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The US administration is facing growing pressure to withdraw its forces from Iraq, while Washington has been trying to get more forces from NATO member states for deployment in the country with the aim of providing “training” and “advice” to the Iraqi armed forces.

According to Press TV, Hadi al-Ameri, a senior commander of t Iraq’s Popular Mobilization Units (PMU) has told in an interview, on Tuesday, that now Daesh (IS) has been defeated in the country  and there is no need for the presence of US troops.

He was quoted saying, “We are told that the presence of US forces in Iraq is on the request of the government in Baghdad. We are yet to get a clear statement from the government regarding the number of US troops which is said to be a large number.”

PMU commander stressed that they will not permit foreign interference in the country’s affairs. “Therefore, our hope is that the government announces the number of American troops which it demands to be in Iraq and the others be asked to leave,” Ameri noted.

The PMU is an Iraqi state-sponsored umbrella organization of some 40 groups, which are mainly Shia Muslims. There are 25000 to 30,000 Sunni tribal fighters, a number of Kurdish Izadi and Christian units among the 100,000 strong force.

The force was founded in 2014 after a decree (fatwa) by Grand Ayatollah Sayyid Ali Siestani, Iraq’s tolp Shia cleric, that called on all capable forces to join the defence of the country against Daesh (IS).

The US forces first came to remove Saddam Hussein regime in 2003.  The highest number of US forces in Iraq was recorded at 1,70,300 in November 2007.

However, US began withdrawal of its forces in December 2007 and completed by December 2011. The US forces intervened again when Daesh (IS) advanced from Syria to Iraq’s western provinces along with other coalition partners to defeat the evil forces.

The Popular Mobilization Units (PMU), which has been helping Iraqi army in their fight against Daesh (IS), has on numerous occasions said that they have documented evidence showing that Washington provides Daesh terrorists with weapons and military support.

On February 7, Jaafar al-Husseini, spokesperson for the Kataib Hezbollah, while talking to Beirut based al-Mayadeen TV, had threatened to target the US forces powerfully in Iraq if they refuse to leave the country. “We are serious about getting the Americans out, using the force of arms because the Americans don’t understand any other language”.

The militia group previously several times made similar threats against the US troops in Iraq, calling them occupation forces on the soil of Iraq. The group is considered to be in close links to Iran’s Revolutionary Guards Corps (IRGC).Pressure mounts on US to withdraw army from Iraq

According to Wikipedia, Kataib Hezbollah (Brigades of Party of God) of Hezbollah Brigade is an Iraqi paramilitary group supported by Iran. It has been active on the fight against Daesh (IS) in Iraq and Syria. During the Iraq war, the group fought against American invasion forces.

The Badr Brigade, another powerful militia group within PMU has also said that extension of US military presence in Iraq would cause further instability in the region.

Karim Nuri, spokesperson of Badr Brigade said, “The two governments should coordinate to ensure a full withdrawal. U.S. presence will be the cause for internal polarization and a magnet for terrorists.”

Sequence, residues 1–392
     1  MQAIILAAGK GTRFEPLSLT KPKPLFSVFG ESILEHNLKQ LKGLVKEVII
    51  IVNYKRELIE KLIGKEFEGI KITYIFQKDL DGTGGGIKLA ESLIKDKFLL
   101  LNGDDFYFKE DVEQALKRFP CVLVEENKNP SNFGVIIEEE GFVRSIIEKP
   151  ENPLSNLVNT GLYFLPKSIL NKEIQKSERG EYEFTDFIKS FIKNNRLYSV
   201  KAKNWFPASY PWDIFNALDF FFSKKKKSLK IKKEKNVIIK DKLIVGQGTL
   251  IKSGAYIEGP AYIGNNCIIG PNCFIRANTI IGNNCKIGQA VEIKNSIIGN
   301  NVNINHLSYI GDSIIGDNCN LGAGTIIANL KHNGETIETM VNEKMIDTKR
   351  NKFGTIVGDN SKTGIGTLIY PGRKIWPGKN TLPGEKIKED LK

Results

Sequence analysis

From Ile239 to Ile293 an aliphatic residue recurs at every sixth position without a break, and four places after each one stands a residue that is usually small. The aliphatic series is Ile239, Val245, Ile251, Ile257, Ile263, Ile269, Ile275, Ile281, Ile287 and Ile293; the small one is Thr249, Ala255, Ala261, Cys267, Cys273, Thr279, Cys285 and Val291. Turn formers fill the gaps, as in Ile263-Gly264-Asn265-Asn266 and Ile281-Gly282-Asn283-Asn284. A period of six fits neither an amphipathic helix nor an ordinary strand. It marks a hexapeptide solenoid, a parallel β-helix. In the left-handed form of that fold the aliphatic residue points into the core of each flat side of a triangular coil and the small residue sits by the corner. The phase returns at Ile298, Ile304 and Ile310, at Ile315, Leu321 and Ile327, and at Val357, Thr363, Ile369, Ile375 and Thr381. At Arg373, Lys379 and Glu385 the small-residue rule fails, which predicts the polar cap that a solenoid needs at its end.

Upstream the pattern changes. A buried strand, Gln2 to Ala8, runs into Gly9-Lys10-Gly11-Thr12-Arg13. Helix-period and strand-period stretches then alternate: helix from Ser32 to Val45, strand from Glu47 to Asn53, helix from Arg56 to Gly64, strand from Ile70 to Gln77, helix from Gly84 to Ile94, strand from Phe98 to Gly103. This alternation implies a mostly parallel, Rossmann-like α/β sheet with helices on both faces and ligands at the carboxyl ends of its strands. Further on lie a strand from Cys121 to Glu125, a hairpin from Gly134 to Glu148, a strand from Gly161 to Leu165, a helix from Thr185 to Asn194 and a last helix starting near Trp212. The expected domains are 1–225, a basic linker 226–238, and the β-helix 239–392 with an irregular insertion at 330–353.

The pressure on US to withdraw from Iraq has been growing when NATO Defense Ministers have recently announced their agreement to deploy a larger military mission to Iraq after the US urged them to look into a long-term stay in Iraq only after the defeat of Daesh terror group.

The NATO Defense Ministers announcement came at Brussels meeting on February 15 when they agreed to expand the alliance’s small mission in Iraq with the aim of providing “training” and “advice” to Iraqi armed forces.

Earlier in January, US Secretary of Defcnse Jim Mattis sent a formal request to NATO while he was quoted saying “We will go to a consistent mission in Iraq”.

In December last, Iraqi commanders had rejected calls by French president Emmanuel Macron to disband the Popular Mobilization Units (PMU), also known as Hash al-Sha’abi.

Iraq’s Vice President and former PM Nouri al-Maleki  had also rejected French President’s call through social media saying,  Emmanuel Macron interfered unexpectedly in Iraq’s internal affairs by calling for the dismantling of a legal institution, Hashd al-Sha’abi (…) We don’t want any country to impose its will on the Iraqi government and the brave Iraqi nation.

Ahmed al-Assadi, one of the PMU’s leaders told AFP that “any such discussion is rejected and we do not accept interference in Iraqi affairs (…) Asking for dissolution of the Hashd is like asking for the dissolution of the Iraqi army, because Hashd are the key element of the Iraqi security.”

Macron, while in Baghdad on December 2, called for a “gradual demilitarization” and the “dismantlement” of all militia forces.

Earlier in October, Iraq’s Prime Minister Haider al-Abadi had strongly defended the PMU in response to similar statements by US Secretary of State Rex Tillerson.

PMU is directly controlled by Prime Minister of the country and has been proven to be an efficient fighting force in the battle against Daesh (IS).

Earlier this month, Fox News had reported that US military was pulling its forces from Iraq to Afghanistan after the defeat of Daesh (IS) militants in the country.

The US soldiers in groups were leaving the base on daily flights. There were 5000 US military personnel stationed in Iraq in 2016, with nearly 4000 were deployed to support and assist local groups fighting the ISIS militants.

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